How to Rebuild Your Personal Savings Account

Have you ever seen your savings account balance dwindle to nothing and feel like you could not build it up yet again? Or did that last emergency drain your savings to an all time low? If you like the security of having money in savings, but have gotten sidetracked, there are two small steps you can take that will help your personal savings grow again without causing discomfort or budget distress.

Establish the savings habit 

Start a pattern of setting aside money on a consistent basis. Establish a regular payroll deduction, set up an automatic payment to savings from your online checking account, or simply put all coins you collect in a jar and then regularly deposit the change into your savings account. If saving is a mental game for you, make a big deal out of each deposit. Sometimes you need the visual push that writing out the deposit slip and placing the cash on the counter provides. There is not a right or wrong method, starting the habit is the key.

Plan to increase slowly 

Sometimes in our zeal to start saving, we overestimate how much we can save in a month. Plan to start small and work your way up. To ramp up over time, try the following strategies:

  • When you receive a pay raise, put a portion into savings rather than increasing spending or expanding your lifestyle.
  • Deposit windfall money (such as, bonuses, gifts, or inheritances) directly into savings.
  • Analyze your miscellaneous spending and cut unnecessary expenses so you can add that money to savings.
  • Delay purchasing a new car when you pay off your old one. Instead save for a few months and build your savings.

Don’t let a short-term setback impact your long-term plans. Recognize that sometimes savings will be wiped out by unavoidable circumstances such as needed car repairs, unexpected expenses, or large purchases. When this happens don’t get discouraged, just reboot the system and start the habit again. The road to success is usually paved with a few potholes, but every bit of know-how you gain can be applied to building a bigger and better account.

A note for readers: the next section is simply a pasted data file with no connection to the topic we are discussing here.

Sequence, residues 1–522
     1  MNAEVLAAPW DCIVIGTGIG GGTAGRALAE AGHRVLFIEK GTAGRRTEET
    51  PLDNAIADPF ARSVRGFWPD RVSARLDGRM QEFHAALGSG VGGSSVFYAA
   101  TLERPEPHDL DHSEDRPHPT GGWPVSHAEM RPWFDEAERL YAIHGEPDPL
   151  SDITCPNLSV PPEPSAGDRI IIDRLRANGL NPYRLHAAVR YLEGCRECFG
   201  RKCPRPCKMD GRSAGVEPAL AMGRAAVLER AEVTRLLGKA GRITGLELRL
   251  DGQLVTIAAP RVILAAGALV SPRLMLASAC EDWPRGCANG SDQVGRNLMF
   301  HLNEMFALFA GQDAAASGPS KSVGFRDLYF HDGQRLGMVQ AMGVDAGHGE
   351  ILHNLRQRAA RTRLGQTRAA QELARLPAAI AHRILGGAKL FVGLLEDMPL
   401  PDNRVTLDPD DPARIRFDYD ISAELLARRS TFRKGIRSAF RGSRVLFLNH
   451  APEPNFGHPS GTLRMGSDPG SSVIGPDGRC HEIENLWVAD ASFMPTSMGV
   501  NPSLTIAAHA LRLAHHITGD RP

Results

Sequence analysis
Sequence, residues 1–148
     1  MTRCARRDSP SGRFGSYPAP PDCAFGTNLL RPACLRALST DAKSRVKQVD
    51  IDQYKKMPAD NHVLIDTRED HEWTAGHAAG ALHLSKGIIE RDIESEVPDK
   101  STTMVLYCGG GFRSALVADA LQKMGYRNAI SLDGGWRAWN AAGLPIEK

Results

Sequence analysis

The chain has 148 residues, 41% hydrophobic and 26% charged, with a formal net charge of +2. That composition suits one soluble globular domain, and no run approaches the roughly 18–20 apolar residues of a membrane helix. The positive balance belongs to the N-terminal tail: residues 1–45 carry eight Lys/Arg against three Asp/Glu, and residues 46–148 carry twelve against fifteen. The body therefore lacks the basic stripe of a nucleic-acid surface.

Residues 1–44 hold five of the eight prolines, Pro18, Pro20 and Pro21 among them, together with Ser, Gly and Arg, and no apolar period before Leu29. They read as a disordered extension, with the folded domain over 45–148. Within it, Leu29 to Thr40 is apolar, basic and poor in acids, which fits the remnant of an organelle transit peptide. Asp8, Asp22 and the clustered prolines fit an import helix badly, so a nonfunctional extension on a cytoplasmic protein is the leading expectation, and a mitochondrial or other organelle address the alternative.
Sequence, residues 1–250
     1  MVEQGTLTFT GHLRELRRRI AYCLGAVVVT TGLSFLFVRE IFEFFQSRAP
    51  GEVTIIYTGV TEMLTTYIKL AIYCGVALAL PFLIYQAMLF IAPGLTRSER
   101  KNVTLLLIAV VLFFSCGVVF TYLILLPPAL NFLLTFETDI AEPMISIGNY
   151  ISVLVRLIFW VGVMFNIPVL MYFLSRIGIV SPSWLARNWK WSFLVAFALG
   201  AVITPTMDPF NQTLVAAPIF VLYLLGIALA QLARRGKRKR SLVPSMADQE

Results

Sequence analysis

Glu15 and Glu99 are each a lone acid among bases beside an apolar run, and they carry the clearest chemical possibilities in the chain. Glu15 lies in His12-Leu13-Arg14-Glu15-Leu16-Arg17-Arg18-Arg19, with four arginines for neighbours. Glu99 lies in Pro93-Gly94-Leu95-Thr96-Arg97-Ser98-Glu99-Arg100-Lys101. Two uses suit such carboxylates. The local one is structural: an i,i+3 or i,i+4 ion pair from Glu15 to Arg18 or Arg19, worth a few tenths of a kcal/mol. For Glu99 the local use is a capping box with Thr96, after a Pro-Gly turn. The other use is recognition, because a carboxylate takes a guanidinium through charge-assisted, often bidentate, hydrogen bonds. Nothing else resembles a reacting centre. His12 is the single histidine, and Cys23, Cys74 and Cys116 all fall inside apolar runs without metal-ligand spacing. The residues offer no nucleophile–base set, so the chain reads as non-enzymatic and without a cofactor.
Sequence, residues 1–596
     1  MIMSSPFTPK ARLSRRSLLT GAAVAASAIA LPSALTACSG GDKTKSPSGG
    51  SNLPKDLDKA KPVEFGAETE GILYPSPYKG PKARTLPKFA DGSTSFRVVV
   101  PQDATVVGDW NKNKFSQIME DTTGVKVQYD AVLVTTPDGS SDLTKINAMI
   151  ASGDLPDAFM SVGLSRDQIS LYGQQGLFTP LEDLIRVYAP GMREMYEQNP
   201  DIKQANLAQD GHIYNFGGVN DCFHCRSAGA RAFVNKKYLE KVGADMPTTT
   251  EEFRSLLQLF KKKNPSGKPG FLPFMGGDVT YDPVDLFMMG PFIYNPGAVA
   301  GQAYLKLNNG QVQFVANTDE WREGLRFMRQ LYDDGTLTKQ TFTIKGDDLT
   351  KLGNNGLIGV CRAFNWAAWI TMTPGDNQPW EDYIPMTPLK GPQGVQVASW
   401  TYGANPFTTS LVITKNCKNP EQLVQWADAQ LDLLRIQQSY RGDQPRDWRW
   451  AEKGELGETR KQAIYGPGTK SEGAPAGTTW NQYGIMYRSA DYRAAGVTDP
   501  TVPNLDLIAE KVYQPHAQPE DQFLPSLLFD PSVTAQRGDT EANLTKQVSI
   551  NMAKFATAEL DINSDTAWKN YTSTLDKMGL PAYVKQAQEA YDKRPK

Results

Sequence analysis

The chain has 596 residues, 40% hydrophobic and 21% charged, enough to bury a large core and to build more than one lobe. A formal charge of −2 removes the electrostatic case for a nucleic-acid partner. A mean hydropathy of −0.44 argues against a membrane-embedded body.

• The Consumer Federation of America (CFA) is an association of nonprofit consumer organizations that was established in 1968 to advance the consumer interest through research, advocacy, and education. Today, nearly 300 of these groups participate in the federation and govern it through their representatives on the organization's Board of Directors.
  • The National Council of Higher Education Resources (NCHER) is the nation’s oldest and largest higher education finance trade association. NCHER’s membership includes state, nonprofit, and for-profit higher education service organizations, including lenders, servicers, guaranty agencies, collection agencies, financial literacy providers, and schools, interested and involved in increasing college access and success. It assists its members in shaping policies governing federal and private student loan and state grant programs on behalf of students, parents, borrowers, and families.

  • Since 2007, the Homeownership Preservation Foundation (HPF) has served as a trusted, neutral source of information for more than eight million homeowners. They are partnered with, and endorsed by, numerous major government agencies, including the U.S. Department of Housing and Urban Development and the Department of the Treasury.

  • The mission of the U.S. Department of Housing and Urban Development (HUD) is to create strong, sustainable, inclusive communities and quality affordable homes for all. HUD works to strengthen the housing market in order to bolster the economy and protect consumers; meet the need for quality affordable rental homes; utilize housing as a platform for improving quality of life; and build inclusive and sustainable communities free from discrimination.

  • The Council on Accreditation (COA) is an international, independent, nonprofit, human service accrediting organization. Their mission is to partner with human service organizations worldwide to improve service delivery outcomes by developing, applying, and promoting accreditation standards.

  • The National Foundation for Credit Counseling® (NFCC®), founded in 1951, is the nation’s largest and longest-serving nonprofit financial counseling organization. The NFCC’s mission is to promote the national agenda for financially responsible behavior, and build capacity for its members to deliver the highest-quality financial education and counseling services.